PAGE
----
1 In Christian Living/ Identity/ Scripture

On My Worst Days

Theater was once all I lived for. Every Tuesday, Friday, and Saturday throughout high school found me acting, singing, and dancing (or trying at least) my heart out at an after-school drama company. Among the sweetest people I ever acted beside was this adorable red-headed girl, Gracie. Her big smile matched her big heart and I never failed to be rejuvenated by her lighthearted and kind disposition. A decade later (my, how we’ve aged) we’ve reconnected over our writing, and it is my complete joy to welcome Grace Kelley to the tribe today.

 

If we’re being horrifyingly honest here, it’s been one of those days. The children have been screaming at each other all morning. And I’ve been screaming back. The laundry has piled up and the glamour of not having a dishwasher in our new house has officially worn off.

 

I’ve lost my temper. My patience. My goodwill at times. I’m almost positive that I’ve lost my sanity as well.

 

And on days like today, I feel like a fraud. A failure. A poor pretender at the job of mothering my children. It is so easy on days like today, to let the weight of my sin and my kids sin, to pull me down into the pit of despair. I don’t like feeling so weak. So helpless. So desperately needy.

But I am not what I do; neither my failures nor my successes. I am not my bad days, or my good days. I am not defined by how tidy my home is, how well behaved my children are, or how good of a meal I can put on the table. I am not defined by how well I lead the ladies of our small group, or how well I reach out to my neighbors. I am not defined by the books I read, or even, dear reader, by the words I write.

 

I am ONLY defined by the precious blood of Jesus Christ. The God who knew me before the dawn of time, who called me out of darkness and into his marvelous light. Who calls me Beloved. And when I am about to be swallowed up by the pile of my fears and my failures he speaks to me saying,

“Fear not, for I have Redeemed you; I have called you by name, you are mine.” (Isaiah 43:1)

 

This morning as I write this, “supermom” feels like that farthest thing from what I am. Perfect, is impossibly out of reach. But Jesus calls me out of that tomb, and asks that instead of looking at myself, that I look to him. He keeps teaching me not to place my identity in what I do (or don’t do), in my successes or failures; instead he asks that I choose to believe that what he has said about me is true. That I am HIS. That I am Beloved. That his blood has cleansed me, made me white as snow.  That all of his righteousness has been given to me, in the place of all of my sin and my shame. That the Gospel is big enough for a woman like me.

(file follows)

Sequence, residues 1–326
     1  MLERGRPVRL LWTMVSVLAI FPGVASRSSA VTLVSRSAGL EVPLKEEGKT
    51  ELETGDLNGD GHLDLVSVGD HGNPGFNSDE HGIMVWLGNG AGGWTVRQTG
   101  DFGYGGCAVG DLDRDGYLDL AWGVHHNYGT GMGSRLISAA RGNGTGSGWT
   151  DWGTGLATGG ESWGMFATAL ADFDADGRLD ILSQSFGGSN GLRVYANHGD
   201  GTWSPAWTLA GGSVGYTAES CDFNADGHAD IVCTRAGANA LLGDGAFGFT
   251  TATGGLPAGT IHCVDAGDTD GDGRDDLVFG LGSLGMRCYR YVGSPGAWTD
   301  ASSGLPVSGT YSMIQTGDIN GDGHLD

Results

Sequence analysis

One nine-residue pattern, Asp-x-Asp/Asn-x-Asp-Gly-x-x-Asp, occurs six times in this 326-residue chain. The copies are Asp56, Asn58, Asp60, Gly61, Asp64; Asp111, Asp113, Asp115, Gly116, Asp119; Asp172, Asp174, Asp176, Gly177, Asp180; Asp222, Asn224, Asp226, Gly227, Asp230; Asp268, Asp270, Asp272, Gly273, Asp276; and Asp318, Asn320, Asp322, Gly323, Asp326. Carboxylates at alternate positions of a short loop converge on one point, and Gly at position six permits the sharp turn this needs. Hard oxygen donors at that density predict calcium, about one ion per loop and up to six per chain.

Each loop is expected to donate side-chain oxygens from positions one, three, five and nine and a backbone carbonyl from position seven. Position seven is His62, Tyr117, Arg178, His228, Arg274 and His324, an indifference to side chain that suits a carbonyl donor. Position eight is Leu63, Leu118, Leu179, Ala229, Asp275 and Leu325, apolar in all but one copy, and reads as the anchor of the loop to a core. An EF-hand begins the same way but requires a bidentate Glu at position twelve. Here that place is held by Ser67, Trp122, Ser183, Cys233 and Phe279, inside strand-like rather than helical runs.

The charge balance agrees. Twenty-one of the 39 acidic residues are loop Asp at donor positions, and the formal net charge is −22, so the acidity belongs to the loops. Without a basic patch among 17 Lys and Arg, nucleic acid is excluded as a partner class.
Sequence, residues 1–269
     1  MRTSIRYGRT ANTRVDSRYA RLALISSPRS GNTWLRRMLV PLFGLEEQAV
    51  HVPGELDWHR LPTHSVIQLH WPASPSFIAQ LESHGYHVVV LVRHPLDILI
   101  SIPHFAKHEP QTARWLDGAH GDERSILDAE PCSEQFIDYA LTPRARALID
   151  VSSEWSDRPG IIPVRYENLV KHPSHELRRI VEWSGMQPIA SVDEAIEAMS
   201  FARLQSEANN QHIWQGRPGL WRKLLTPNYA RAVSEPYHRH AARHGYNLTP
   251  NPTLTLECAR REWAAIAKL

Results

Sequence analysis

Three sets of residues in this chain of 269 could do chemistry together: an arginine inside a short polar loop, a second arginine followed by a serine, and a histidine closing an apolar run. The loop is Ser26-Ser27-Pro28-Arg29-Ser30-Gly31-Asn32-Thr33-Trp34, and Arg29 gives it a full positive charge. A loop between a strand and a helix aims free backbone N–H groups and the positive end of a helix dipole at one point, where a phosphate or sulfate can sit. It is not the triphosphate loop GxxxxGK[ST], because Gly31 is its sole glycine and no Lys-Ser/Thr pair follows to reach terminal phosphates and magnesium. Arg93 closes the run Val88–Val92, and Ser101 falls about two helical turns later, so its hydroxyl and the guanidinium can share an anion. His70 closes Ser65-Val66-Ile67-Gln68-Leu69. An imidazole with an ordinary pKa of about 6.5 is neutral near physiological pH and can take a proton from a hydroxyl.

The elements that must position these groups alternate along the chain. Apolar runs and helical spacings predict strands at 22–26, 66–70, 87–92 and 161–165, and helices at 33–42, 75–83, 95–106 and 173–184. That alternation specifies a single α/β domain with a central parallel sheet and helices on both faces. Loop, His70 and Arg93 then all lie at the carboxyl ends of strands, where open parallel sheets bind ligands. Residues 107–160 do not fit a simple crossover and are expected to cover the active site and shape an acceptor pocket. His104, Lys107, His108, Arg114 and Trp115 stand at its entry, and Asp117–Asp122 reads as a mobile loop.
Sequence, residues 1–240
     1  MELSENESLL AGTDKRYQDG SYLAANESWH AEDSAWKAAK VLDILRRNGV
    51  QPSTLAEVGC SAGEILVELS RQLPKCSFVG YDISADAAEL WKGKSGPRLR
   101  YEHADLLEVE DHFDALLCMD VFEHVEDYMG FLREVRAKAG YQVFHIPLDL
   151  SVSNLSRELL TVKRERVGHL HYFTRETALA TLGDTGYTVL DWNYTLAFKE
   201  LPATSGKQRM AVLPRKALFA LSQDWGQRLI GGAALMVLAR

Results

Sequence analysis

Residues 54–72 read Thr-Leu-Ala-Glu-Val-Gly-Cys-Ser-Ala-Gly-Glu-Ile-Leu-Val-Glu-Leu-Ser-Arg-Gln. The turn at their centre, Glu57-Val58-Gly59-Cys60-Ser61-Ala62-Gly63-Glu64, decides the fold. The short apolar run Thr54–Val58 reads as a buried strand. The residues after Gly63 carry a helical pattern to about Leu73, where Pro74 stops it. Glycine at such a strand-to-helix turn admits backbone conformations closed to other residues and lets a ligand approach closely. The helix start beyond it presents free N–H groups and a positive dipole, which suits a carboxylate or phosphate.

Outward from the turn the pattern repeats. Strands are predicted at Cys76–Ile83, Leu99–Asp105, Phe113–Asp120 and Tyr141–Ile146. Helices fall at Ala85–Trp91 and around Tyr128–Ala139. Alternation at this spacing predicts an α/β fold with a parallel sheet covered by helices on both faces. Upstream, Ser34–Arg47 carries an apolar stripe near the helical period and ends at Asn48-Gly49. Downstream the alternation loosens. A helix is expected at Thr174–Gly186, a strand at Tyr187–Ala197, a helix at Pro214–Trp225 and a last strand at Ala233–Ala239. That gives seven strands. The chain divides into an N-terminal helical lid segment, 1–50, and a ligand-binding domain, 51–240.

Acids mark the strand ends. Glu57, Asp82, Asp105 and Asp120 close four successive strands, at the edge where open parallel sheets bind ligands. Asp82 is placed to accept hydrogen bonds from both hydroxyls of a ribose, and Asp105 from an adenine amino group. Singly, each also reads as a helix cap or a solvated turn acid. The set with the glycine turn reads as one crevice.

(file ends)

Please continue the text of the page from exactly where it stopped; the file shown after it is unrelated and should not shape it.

If you are reading these words, then you are witnessing the miracle. If Jesus is our stronghold, or foundation, and our truest deepest sense of identity and worth, then we can rejoice even in the midst of our worst days, because HE STILL CHOOSES US. We belong to him. And nothing can snatch us out of his hand! That’s the Gospel. That’s good news that I need today. Maybe you need it too. 

 

Grace Kelley is married to her high school sweet heart and is mother to two kids adorable children, Ellie (three-and-a-half) and Boaz (almost 22 months.) She is a stay at home mom and aspiring writer. You can find her writing at gracemortonkelley.wordpress.com and someday on the pages of her current book project Confessions of a Recovering Perfectionist. She and her family have made their home in Ft. Collins, Colorado.

 

 

 

 

 

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1 Comment

  • Reply
    April Box
    July 25, 2017 at 3:21 pm

    I really needed to be reminded of these truths today. We are in the last stretch of summer vacation and I’m out of ideas, out of energy. I’m sitting here with a heating pad on my back and have not been the “supermom” lately. So thank you for helping me remember that I am not defined by my failures or successes as a mother, wife, friend, writer, etc. I am hidden in Christ and I am His. That is truly something I don’t deserve but so lovely to know.

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